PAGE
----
Rock of Ages is a predictable ’80s-fueled musical 

You Don't Wanna Rock


Before hitting the five-minute mark, Adam Shankman's anticipated adaptation of the hit Broadway musical Rock of Ages has already clued the viewer in on what to expect during the two-hour runtime. The film introduces us to the two young leads, small-town girl Sherrie (Julianne Hough) and city boy Drew (Diego Bonetta), by having a bus load of travelers belt out Night Ranger's "Sister Christian" while a bar full of raucous youths perform a thundering rendition of Twisted Sister's "I Wanna Rock." Shankman tells the audience in the most clumsily direct way possible: "We hope you love the '80s, because you are about to be drenched in it."

Hitting the screen by way of a team of scriptwriters that includes the original stage production's Chris D'Arienzo, Rock of Ages presents a fairy-tale version of Los Angeles' heavy metal scene circa 1987. Sherrie is an Oklahoma girl ready to strike out on her own as a singer, while Drew also dreams of the stage while keeping the bar stocked at the Bourbon Room, a legendary venue on the Sunset Strip. After she's robbed shortly upon arriving in L.A., Drew introduces Sherrie to club owner Dennis Dupree (Alec Baldwin), who hires her on as a waitress.

Dennis has problems of his own, however. The frontrunner for mayor of Los Angeles, Mike Whitmore (Bryan Cranston), is pledging to clean up the city, and closing down the Bourbon Room is the first thing on his list. Dennis turns to his old friend, the legendary rock star Stacee Jaxx (Tom Cruise), for help, asking him to perform at the club so Dennis can use the receipts to pay back taxes and stay afloat.

The film is built upon a basic paint-by-numbers formula: boy meets girl, girl helps boy achieve his dream, boy breaks up with girl due to misunderstanding, girl becomes stripper, and boy joins the New Kids on the Block. Yes, in this movie, the worst thing that can happen to you once you have ended a relationship is for you to prostitute yourself in any number of ways. Apparently, Sherrie can only find work at a strip club run by the only African American to be found in Rock of Ages, Justice Charlier (Mary J. Blige), while Drew is forced to join a boy band by his oily manager Paul (Paul Giamatti). While both are only able to bring in money once they make these sacrifices, the movie makes it seem as if they are the first two people in the world whose dreams didn't go quite as well as they had planned. It would be easy to say that the film's many plot contrivances can be found in any number of musicals, but the fact is the filmmakers and actors were given a lazy script to work with.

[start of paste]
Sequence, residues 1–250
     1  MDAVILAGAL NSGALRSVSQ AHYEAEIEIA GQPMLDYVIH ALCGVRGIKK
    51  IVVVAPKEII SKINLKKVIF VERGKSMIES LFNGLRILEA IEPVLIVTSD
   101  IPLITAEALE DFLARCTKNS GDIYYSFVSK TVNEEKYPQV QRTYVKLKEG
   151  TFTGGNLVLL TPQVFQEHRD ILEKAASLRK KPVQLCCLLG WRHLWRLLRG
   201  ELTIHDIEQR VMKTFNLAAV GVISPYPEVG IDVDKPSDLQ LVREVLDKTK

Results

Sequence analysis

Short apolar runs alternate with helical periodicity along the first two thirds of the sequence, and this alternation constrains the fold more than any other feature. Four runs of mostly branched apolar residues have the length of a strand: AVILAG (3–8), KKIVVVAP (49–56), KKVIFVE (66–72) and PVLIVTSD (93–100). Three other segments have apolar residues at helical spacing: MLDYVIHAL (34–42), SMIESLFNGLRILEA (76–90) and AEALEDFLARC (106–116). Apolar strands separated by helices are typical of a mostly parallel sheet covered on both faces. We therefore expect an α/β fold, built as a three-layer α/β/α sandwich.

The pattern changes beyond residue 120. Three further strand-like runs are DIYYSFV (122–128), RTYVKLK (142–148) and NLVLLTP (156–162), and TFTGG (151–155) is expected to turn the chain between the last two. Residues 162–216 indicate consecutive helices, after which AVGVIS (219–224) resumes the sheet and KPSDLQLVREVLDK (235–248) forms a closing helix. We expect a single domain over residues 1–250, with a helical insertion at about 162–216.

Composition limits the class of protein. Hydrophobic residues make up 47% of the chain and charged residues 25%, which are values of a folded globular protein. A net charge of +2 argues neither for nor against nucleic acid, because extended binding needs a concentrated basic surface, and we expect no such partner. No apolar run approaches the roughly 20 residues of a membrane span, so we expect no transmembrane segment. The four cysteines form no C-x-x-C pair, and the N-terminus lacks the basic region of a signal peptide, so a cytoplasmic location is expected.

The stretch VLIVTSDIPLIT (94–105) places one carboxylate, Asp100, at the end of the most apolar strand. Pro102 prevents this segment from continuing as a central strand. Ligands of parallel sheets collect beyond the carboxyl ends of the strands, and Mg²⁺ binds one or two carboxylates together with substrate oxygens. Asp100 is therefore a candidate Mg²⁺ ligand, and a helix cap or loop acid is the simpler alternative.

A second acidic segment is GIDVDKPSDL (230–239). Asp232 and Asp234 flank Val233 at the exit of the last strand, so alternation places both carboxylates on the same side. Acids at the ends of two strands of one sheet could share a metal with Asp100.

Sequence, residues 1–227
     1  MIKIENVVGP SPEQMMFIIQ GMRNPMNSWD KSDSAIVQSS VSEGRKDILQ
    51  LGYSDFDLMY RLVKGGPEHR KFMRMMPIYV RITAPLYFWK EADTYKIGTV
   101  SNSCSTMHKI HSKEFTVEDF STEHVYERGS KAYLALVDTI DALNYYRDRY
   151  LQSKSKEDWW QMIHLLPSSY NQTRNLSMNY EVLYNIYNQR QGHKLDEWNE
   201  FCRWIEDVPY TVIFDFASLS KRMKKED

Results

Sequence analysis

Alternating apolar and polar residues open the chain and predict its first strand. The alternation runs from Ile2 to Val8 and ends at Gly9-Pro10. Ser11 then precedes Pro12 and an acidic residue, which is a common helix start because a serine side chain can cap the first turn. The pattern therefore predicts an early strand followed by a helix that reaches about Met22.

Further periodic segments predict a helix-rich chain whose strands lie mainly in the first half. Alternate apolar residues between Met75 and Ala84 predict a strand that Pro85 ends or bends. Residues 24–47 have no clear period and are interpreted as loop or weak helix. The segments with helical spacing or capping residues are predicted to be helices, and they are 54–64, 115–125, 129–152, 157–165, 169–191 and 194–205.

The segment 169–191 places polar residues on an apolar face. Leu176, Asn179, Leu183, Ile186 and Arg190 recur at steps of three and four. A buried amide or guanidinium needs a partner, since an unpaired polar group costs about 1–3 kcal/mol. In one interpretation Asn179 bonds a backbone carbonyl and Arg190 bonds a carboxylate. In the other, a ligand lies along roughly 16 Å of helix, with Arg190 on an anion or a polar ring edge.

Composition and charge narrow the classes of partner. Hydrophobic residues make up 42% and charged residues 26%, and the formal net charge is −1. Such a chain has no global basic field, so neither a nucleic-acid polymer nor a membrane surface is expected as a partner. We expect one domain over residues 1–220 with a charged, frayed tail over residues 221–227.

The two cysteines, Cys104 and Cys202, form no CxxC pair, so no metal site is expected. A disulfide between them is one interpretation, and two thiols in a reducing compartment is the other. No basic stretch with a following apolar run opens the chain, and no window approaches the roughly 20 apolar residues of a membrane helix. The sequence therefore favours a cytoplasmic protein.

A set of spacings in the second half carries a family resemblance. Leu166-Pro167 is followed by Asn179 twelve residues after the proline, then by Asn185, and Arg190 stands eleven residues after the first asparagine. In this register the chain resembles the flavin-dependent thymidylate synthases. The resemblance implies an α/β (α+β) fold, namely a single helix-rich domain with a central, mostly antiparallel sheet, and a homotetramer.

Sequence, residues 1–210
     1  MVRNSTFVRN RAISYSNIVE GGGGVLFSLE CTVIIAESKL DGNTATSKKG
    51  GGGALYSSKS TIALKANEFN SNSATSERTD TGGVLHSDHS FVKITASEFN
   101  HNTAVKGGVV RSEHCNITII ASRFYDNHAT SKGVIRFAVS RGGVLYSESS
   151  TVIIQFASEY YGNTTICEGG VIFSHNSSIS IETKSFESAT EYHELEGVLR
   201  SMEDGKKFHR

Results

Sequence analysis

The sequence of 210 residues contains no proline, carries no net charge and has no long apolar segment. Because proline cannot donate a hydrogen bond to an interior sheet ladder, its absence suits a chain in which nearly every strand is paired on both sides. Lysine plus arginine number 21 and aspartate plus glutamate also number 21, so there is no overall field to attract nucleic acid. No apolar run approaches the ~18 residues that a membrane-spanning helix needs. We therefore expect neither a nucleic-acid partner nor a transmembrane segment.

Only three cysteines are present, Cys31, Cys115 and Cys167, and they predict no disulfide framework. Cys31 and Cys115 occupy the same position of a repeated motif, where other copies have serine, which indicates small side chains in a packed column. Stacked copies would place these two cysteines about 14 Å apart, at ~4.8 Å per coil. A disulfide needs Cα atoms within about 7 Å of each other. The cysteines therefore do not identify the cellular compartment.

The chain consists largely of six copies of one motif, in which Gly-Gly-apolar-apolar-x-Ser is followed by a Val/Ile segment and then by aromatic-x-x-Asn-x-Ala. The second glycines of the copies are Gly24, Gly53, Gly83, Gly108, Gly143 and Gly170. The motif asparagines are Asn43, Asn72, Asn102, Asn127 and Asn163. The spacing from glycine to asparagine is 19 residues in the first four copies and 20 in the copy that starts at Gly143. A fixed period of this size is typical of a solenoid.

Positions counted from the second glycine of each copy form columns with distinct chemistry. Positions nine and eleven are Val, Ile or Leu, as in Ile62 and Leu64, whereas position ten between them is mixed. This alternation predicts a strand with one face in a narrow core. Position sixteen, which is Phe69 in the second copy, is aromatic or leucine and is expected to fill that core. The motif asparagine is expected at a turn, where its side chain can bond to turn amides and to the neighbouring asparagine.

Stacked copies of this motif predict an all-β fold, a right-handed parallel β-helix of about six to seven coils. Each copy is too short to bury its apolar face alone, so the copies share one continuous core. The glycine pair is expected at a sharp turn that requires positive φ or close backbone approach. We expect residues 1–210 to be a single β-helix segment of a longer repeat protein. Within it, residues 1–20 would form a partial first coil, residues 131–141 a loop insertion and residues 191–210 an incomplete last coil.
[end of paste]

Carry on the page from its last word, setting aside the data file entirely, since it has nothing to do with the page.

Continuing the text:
The two young leads are basically ciphers, taking up valuable running time that could have been better used by giving the supporting cast larger roles. Tom Cruise is fascinating in a car wreck kind of way, bringing to the screen an amalgamation of his public persona with a touch of his Academy Award-nominated turn in Magnolia thrown in for flavor. Baldwin and Cranston are both game, although it seems like they may have been put to better use by switching roles.

Catherine Zeta-Jones is the real treasure here as Mrs. Whitmore, seemingly on a crusade to end heavy metal (and destroy Jaxx in particular). Her portrayal of a former wild-child with a chip on her shoulder is masterful, and the film only seems to come alive when she is onscreen. It would be ridiculous not to mention how well she performs her musical numbers too, which also sets her apart from the rest of the cast; it is apparent that the past few years Zeta-Jones has spent on Broadway have strengthened her abilities as a performer.

Rock of Ages is exactly what you think it is. There are no surprises to be found or enjoyed here. If you are looking for a guilty pleasure on date night, there is a chance you will find it among Cruise's fingernail polish and all of the big hair. Otherwise, you've heard this song before.


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